The findings suggest that the type of surgery is a predicting factor for seroma formation in breast cancer patients. ... received breast preservation surgery. Seroma occurred in 35% of patients. In multivariate logistic regression analysis an ... No other factor studied was found to significantly effect the seroma formation after breast cancer surgery. ... Seroma formation was studied in relation to age, type of surgery, tumor size, nodal involvement, preoperative chemotherapy, ...
A common development after any breast surgery. Find out all about it here. Should I worry? Should it be drained? and much more. ... Breast Seroma. Seroma is a pocket of clear fluid which sometimes develops following surgery. ... Modified Radical Mastectomy (MRM) versus Breast-conserving Surgery (BCS). Treatments of seroma. The good news is that the body ... Only the severity of breast surgery has a proven bearing on seroma development. Other studies suggest that the risk of seromas ...
Saline breast implants are available to women 18+.. Seroma. A seroma is an accumulation of fluid that collects under the ... See "Shaped Breast Implant" or "Anatomical Breast Implant.". Textured Breast Implants. Textured breast implants go through a ... See "Teardrop Breast Implant" or "Anatomical Breast Implant.". Silicone Breast Implant. Silicone breast implants are composed ... Breast revision surgery is required to remove the damaged breast implant and, often, the surrounding capsule.. Saline Breast ...
The type of surgery youve had will affect the side effects you experience. Not all women have these side effects, but most ... Seroma. In some cases, when drains have been removed, extra fluid collects in or under the wound. This is called a seroma, and ... Home , Cancer information , Managing cancer side effects , Breast prostheses and reconstruction , Breast reconstruction ... We are grateful to Amoena Australia Pty Ltd for supplying the breast form images, which appear in this section. The breast ...
Fifty patients who had breast cancer were included in the ... conservative surgery and locally advanced breast cancer were ... Patients who underwent simultaneous reconstructive surgery and breast conservative. surgery. - Locally advanced breast cancer. ... Seroma formation , interval of Seroma resolution , Seroma aspirated volume and number of. postoperative visits Seroma formation ... axillary surgery or patients who underwent simultaneous reconstructive surgery and breast. ...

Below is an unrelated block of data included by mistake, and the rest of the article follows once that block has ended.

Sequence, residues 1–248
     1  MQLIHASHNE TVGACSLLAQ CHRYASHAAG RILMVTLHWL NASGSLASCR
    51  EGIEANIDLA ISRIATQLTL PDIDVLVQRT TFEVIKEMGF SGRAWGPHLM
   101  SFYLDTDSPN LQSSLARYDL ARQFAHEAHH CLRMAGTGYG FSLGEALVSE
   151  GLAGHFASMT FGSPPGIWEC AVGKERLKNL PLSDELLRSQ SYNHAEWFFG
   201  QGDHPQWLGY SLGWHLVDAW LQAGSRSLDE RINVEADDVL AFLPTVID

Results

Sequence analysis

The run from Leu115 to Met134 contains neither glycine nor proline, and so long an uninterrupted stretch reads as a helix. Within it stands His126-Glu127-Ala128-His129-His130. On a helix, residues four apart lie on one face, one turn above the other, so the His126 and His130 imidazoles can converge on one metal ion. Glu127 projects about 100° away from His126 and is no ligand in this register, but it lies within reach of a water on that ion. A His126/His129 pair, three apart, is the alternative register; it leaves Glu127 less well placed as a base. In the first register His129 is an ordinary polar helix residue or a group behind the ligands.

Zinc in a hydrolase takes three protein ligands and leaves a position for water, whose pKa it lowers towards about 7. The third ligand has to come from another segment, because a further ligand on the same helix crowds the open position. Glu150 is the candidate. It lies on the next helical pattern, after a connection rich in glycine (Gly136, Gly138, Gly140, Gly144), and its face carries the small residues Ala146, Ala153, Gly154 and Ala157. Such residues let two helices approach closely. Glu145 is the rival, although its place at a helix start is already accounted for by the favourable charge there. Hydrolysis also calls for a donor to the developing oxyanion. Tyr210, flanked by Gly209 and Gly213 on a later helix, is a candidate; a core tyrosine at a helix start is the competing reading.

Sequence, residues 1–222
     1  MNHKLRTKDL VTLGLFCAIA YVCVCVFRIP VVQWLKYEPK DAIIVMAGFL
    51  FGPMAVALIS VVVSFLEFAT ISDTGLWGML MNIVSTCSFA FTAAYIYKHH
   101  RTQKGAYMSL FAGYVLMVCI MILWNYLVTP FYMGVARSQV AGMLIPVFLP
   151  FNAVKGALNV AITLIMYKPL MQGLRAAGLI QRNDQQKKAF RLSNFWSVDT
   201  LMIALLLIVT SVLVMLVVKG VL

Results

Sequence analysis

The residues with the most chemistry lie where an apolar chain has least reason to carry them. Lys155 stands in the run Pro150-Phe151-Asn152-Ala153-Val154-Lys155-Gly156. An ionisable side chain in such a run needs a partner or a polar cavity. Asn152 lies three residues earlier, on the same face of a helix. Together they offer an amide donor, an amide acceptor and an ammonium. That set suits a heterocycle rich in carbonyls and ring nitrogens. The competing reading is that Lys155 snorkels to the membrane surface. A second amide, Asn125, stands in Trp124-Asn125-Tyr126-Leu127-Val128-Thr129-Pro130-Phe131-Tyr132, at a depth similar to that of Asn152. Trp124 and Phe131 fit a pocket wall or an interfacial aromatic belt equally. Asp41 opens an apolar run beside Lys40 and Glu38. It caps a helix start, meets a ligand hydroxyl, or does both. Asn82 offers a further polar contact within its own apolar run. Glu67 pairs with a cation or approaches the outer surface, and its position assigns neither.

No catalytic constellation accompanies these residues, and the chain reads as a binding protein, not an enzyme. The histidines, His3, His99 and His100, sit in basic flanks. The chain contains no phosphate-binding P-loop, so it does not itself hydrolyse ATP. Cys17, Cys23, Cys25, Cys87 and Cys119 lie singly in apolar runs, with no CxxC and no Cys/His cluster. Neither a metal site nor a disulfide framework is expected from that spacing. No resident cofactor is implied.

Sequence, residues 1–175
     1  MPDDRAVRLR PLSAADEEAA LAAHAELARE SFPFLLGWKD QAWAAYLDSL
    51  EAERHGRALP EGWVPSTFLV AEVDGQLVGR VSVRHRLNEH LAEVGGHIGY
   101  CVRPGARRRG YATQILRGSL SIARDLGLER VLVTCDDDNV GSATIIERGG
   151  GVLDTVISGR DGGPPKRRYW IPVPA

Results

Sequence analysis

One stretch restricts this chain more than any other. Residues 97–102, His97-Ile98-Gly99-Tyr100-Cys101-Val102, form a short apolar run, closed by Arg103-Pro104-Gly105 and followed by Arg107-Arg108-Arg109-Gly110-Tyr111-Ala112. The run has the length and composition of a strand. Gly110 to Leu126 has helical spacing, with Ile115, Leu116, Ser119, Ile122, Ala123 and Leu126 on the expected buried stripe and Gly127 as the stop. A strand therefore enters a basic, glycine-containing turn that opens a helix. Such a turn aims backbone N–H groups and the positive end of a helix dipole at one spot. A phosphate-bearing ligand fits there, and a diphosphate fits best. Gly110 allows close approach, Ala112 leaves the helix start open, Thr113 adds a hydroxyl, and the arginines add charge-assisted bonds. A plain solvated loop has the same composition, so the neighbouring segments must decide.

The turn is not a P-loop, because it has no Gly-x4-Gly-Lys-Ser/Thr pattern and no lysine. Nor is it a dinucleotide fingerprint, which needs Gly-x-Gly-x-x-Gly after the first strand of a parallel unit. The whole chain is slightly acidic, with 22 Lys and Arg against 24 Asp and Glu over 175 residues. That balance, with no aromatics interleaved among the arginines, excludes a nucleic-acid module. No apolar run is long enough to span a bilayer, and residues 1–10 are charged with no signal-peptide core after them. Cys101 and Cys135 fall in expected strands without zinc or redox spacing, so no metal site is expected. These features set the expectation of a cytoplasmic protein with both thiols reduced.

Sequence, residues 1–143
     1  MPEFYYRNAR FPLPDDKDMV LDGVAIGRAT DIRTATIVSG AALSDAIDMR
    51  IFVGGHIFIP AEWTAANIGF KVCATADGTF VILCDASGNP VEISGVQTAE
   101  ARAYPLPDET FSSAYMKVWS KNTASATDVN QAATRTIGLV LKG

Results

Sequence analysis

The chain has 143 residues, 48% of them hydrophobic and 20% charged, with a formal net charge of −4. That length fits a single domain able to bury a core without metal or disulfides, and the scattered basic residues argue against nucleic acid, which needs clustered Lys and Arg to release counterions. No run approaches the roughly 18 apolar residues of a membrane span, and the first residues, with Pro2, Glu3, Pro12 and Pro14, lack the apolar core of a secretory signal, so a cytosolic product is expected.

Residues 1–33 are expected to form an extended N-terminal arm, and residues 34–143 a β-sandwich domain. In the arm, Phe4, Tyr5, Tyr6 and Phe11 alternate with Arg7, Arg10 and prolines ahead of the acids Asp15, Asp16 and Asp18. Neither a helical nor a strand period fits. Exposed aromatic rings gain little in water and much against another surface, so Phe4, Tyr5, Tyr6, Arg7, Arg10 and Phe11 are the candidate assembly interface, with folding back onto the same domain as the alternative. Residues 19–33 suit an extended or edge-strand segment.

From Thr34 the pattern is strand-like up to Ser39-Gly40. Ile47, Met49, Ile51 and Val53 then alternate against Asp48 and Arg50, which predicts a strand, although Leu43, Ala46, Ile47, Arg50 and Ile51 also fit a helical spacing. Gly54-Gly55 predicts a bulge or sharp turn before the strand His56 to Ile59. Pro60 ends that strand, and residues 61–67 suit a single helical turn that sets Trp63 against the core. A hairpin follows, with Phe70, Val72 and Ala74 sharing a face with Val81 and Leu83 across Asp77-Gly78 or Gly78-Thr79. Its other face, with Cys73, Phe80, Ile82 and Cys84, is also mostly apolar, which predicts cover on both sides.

Mesh use in surgical breast reconstruction is becoming increasingly common; however, there is still no consensus on whether ... Seroma formation. Animated image of seroma development between breast tissue envelope and pectoralis major/mesh (ADM) layer [28 ... "breast reconstruction AND synthetic mesh," "breast reconstruction AND Vicryl," "breast reconstruction AND TIGR," and "breast ... Kim T, Cho H. The suitability of absorbable mesh insertion for oncoplastic breast surgery in patients with breast cancer ...
Find out what to expect if youre considering breast reconstruction. Learn about the options, incuding TRAM, DIEP and ... surgery that removes your breast to treat or prevent breast cancer. Breast reconstruction with flap surgery involves taking a ... Breast reconstruction with flap surgery is a complex procedure performed by a plastic surgeon. Much of the breast ... Breast reconstruction with flap surgery is the most complex breast reconstructive option. Your surgeon transfers a section of ...
However, after the surgery, I developed an inguinal seroma which I j... ... A quick primer on the different ways breast cancer can be treated. ... After the seroma formed, he did the second surgery (three weeks later). At the time of seroma removal, he sent a slide to the ... After the seroma formed, he did the second surgery (three weeks later). At the time of seroma removal, he sent a slide to the ...
They are most common as a side effect of breast surgery, usually during treatment for breast cancer or benign lumps. Learn ... A seroma is a buildup of fluid where tissue has been removed from a persons body, often occurring after surgery or an injury. ... All you need to know about breast reconstruction surgery Breast reconstruction surgery is carried out after removing one or ... One study of 158 participants found that 35 percent of patients experienced a seroma after surgery for breast cancer. Another ...
Breast implants are considered cosmetic surgery, so insurance companies typically wont cover them. However, "Breast Implants ... Breasts may be deflated after pregnancy. You may have heard that breast implants are the only reliable way to lift breasts. ... Many patients have concerns that after getting breast implants it may result in less accurate testing for breast cancer, but ... and Body Dysmorphic Disorder and Cosmetic Surgery (2006) reported that the woman who underwent breast augmentation surgery also ...
... has been the one consistently excellent reference for every specialist who uses plastic surgery techniques or works in ... For more than 50 years Plastic and Reconstructive Surgery® ... Discussion: Diagnosis and Management of Seroma following Breast ... Discussion: Diagnosis and Management of Seroma following Breast Augmentation: An Update. Haeck, Phillip C.; Eaves, Felmont F. ... Decolonization Strategies to Control Staphylococcus aureus Infections in Breast Implant Surgery. Silvestri, Luciano; van Saene ...